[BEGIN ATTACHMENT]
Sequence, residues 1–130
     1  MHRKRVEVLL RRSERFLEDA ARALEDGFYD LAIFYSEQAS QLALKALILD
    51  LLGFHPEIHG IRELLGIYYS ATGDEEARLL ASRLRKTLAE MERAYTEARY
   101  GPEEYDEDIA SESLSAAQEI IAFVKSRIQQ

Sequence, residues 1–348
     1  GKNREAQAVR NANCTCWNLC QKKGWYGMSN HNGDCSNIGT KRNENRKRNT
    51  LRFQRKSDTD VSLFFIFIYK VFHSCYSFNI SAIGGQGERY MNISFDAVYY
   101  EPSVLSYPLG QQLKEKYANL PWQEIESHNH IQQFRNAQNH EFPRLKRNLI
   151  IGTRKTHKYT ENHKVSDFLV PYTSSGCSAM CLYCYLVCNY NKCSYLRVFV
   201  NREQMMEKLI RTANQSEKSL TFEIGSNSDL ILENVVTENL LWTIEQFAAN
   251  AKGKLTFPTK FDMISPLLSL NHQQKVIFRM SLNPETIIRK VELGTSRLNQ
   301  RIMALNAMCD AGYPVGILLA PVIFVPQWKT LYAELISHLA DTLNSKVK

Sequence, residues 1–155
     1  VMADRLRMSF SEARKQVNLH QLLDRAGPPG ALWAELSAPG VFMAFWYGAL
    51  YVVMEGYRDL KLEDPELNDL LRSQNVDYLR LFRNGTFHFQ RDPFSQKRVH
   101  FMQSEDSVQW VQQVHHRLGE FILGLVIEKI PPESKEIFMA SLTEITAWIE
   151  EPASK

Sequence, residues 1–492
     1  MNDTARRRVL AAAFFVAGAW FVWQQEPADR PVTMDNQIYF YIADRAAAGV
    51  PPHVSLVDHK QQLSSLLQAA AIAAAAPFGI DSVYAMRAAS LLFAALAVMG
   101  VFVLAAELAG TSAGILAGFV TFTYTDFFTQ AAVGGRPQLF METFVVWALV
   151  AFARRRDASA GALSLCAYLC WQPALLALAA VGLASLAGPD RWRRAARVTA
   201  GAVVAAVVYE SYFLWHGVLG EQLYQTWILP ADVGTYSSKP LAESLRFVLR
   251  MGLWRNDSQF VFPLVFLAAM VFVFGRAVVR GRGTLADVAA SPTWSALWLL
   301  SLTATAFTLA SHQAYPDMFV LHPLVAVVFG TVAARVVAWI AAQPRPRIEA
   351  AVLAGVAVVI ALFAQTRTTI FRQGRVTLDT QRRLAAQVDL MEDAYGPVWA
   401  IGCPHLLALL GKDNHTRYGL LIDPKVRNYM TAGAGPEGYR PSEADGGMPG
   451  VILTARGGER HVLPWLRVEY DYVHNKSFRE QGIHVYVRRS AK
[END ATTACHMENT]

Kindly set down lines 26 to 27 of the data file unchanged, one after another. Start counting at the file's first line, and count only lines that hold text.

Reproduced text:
   351  AVLAGVAVVI ALFAQTRTTI FRQGRVTLDT QRRLAAQVDL MEDAYGPVWA
   401  IGCPHLLALL GKDNHTRYGL LIDPKVRNYM TAGAGPEGYR PSEADGGMPG